Shares of MP3.com soared nearly 50%, closing at $16.88 Wednesday, as speculation swirled that several of the five major label groups are close to settling their copyright infringement suits with the music site.
There would be two parts to any settlements:
First, La Jolla, Calif.-based MP3.com would pay somewhere between $75 million to $100 million for past damages to the major groups collectively, with each label group negotiating for its own piece of this pie. The Recording Industry Assn. of America (RIAA), which originally brought the suit, is not allowed to negotiate on its member labels’ behalf.
Second, MP3.com users would be allowed to stream licensed songs drawn from the label groups’ vast catalogs via the users’ own My.MP3.com lockers. This would be a non-exclusive arrangement, enabling labels to cut similar deals with other Internet sites.
MP3.com software lets computer users store music in a digital format that is easily accessible and exchangeable via the Internet.
A U.S. District Court judge in New York ruled April 28 that MP3.com infringed on copyrights held by the major labels by creating a database of more than 80,000 albums.
In a related development, Santa Cruz, Calif.-based MP3Board has filed suit against the RIAA, claiming that the MP3board.com site — which contains links to other sites that may contain pirated music — cannot be held responsible for any potential copyright violations that might arise.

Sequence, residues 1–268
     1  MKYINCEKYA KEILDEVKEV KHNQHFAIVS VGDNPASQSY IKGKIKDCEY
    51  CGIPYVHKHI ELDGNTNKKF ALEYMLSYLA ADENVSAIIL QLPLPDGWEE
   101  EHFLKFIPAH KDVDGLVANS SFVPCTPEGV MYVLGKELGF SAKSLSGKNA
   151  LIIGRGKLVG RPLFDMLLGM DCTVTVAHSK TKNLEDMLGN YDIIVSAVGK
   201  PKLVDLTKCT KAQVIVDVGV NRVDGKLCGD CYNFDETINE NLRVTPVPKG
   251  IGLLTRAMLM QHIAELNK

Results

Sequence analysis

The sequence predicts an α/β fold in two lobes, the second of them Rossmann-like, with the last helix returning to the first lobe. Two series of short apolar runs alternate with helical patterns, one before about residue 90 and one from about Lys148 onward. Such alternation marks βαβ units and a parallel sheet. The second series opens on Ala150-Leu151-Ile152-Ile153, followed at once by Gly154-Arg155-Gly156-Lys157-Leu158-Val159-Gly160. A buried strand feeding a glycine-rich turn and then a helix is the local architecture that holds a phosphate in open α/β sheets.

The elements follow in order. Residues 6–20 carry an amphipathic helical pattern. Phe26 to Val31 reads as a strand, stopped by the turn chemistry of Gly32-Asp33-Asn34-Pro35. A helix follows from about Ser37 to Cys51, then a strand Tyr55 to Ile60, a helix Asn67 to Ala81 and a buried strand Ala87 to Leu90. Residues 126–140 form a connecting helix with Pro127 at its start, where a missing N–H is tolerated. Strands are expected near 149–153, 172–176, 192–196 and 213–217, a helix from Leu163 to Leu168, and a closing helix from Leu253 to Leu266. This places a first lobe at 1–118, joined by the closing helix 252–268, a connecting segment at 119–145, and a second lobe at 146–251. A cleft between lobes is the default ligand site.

Last month, the RIAA sent MP3Board a letter demanding that the company remove those links — an estimated 77% of all the links on the site — that can connect users to pirated materials or face a future lawsuit. MP3Board’s litigious response centers on the notion of such links being at the very heart of the Internet.
“For several months we’ve been attempting to resolve our issues with MP3Board.com without resort to the courts,” RIAA prexy-CEO said in a statement on RIAA’s Web site. “It’s not surprising that MP3Board.com would seek this action given that we have already contacted them about infringement on their site and given that we had identified Friday — the very day they filed suit — as the deadline for bringing their site into compliance with the law.
“I guess they thought that the best defense is a good offense. But legal tactics like these have been tried before and don’t work — it won’t make their site any less infringing. ”
The DVD Copy Control Assn. is involved in a similar suit against 2600.com, which links to sites offering software that allows users to copy DVD films. That case is pending.
Meanwhile, National Record Mart — America’s fourth-largest music retailer — continues to hammer out details to acquire MP3Board.com with an eye toward using it as a portal for the online sale of digital downloadable music.